Back in the early 2000s, you either became a runner at a company, working your way up to get a seat at the table, or went to university, and usually, you would still need to run after that, but eventually, you got an opportunity. The third option was to teach yourself, become autonomous and try to find a way in – which is what I did. I decided to target a niche area of the market where there was a shortage. For me, that was MEL scripting, which is a language used to automate 3D processes within Maya. I found a few jobs where they needed that ability and I was a cost-effective option because I was a junior, and there weren’t many juniors with this type of skill around, it just wasn’t pursued that much. Over time, my artistic skills started to adapt as well and make sense commercially, which then opened up more opportunities.
Starting out in 3D now
Becoming a runner is still very common in the industry, and it can be a good way of getting your foot in the door. But mastering software and learning new skills on your own has become so much more accessible: you can just go on YouTube and watch a tutorial these days. People create content and share knowledge for free, and even big software companies recognise that in order to stay relevant, they need to capture users, so quite a few of them put out free educational content as well and create paths to learning.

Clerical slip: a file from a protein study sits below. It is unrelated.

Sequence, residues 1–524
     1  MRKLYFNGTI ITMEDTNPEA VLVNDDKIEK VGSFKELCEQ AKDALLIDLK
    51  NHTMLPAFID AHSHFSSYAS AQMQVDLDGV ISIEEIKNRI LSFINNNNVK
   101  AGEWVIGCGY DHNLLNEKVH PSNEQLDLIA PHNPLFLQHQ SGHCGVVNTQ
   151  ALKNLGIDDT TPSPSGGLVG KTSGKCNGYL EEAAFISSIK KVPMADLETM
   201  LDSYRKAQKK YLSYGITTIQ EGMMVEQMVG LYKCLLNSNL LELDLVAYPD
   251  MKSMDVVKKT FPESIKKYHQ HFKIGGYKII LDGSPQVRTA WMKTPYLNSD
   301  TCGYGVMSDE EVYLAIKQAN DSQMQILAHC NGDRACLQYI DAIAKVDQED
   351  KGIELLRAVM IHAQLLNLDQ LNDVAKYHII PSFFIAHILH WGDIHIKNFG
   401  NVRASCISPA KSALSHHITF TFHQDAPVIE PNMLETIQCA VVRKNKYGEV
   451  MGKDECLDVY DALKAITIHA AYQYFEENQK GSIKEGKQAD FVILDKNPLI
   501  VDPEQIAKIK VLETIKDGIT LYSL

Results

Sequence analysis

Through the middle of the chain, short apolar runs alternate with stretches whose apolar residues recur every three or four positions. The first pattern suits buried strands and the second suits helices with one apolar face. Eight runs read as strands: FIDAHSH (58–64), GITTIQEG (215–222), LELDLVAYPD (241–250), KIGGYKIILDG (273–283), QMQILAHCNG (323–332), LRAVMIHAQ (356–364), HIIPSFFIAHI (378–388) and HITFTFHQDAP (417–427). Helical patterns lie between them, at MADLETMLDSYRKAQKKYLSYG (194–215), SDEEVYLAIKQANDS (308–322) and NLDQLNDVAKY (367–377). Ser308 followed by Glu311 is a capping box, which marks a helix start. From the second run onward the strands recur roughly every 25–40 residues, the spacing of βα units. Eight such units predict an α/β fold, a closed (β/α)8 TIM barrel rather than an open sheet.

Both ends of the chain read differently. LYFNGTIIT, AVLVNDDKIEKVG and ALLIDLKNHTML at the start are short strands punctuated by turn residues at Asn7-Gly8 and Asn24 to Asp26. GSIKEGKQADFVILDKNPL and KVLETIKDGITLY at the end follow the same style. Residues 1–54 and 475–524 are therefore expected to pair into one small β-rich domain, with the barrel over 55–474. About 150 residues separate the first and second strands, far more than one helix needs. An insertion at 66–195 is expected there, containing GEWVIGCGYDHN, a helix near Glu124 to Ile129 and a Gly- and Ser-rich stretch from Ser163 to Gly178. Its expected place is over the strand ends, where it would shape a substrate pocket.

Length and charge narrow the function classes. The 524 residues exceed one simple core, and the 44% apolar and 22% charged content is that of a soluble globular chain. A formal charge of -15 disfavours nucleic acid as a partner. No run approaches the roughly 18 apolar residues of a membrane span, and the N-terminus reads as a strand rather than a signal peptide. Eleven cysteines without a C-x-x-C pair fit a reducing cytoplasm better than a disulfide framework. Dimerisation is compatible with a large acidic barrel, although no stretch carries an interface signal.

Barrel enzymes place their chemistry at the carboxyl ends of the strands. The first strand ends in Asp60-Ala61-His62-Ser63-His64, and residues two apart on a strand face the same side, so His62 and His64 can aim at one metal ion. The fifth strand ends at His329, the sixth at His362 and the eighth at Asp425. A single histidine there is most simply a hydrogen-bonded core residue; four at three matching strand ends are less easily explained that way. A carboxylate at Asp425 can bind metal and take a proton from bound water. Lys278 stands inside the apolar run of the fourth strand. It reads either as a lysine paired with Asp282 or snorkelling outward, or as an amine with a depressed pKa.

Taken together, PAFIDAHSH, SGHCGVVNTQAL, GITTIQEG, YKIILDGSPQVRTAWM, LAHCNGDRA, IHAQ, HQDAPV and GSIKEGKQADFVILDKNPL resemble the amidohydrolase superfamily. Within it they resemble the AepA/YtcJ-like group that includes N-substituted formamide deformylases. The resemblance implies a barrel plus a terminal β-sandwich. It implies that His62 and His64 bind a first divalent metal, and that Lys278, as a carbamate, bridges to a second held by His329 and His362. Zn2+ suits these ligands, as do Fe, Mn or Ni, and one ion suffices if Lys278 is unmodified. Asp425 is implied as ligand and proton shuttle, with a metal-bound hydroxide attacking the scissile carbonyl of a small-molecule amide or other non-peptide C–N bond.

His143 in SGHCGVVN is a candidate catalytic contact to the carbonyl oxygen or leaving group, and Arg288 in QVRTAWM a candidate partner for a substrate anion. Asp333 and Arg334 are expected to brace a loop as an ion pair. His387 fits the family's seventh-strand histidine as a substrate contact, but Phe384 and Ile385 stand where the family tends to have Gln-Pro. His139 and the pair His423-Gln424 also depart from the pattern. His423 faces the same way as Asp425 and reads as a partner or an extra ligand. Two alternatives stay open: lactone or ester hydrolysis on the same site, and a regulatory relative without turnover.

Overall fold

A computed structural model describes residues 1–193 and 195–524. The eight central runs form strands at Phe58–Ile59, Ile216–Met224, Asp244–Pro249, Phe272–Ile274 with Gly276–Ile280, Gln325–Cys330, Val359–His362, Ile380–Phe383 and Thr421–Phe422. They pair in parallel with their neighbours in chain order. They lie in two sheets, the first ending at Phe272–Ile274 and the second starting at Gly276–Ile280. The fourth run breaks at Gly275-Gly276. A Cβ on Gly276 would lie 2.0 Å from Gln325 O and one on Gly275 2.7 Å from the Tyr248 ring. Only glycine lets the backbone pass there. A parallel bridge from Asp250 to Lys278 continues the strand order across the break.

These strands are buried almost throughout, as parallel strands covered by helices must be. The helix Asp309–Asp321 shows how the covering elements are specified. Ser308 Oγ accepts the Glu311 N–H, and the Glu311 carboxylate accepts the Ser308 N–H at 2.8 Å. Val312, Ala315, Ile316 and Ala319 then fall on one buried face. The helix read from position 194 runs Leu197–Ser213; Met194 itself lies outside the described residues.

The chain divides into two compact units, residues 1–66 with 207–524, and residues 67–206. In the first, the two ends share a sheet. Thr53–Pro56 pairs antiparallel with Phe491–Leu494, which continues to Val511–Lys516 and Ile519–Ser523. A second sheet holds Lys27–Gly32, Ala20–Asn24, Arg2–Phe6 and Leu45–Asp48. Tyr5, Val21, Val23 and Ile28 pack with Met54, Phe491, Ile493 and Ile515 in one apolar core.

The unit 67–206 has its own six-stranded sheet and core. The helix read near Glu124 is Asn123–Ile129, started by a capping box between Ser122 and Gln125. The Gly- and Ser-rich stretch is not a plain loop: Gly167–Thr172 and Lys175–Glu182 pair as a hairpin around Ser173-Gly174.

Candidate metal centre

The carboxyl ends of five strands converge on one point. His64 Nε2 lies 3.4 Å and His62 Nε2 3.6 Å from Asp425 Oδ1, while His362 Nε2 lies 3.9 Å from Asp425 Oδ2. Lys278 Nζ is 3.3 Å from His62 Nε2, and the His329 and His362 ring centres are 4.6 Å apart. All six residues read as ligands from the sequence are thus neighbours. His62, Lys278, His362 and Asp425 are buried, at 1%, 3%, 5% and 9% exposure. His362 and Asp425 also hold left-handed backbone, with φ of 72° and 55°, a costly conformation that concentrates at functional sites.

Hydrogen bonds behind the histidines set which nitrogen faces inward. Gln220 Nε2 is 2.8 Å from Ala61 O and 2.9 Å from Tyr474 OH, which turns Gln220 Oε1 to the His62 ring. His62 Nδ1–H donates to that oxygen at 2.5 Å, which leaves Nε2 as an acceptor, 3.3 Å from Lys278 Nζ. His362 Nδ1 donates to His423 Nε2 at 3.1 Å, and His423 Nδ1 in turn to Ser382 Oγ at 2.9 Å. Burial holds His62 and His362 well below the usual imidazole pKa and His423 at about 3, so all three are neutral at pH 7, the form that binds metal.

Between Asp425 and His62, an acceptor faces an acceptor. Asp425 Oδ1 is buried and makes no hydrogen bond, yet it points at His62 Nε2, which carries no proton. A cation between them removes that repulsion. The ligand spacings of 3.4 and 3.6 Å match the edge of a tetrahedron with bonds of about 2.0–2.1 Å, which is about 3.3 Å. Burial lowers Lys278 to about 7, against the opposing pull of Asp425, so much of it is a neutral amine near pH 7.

As the industry evolved, university courses have become more structured – 3D art wasn’t even an option when I did my A levels. It’s still a competitive industry and if anything, the barrier of entry is higher now as most companies are looking to hire people with at least an undergraduate degree. At the same time, there’s a lot more awareness and the career path is more defined and navigable than it used to be.
How did you teach yourself in an era where knowledge wasn’t so readily available?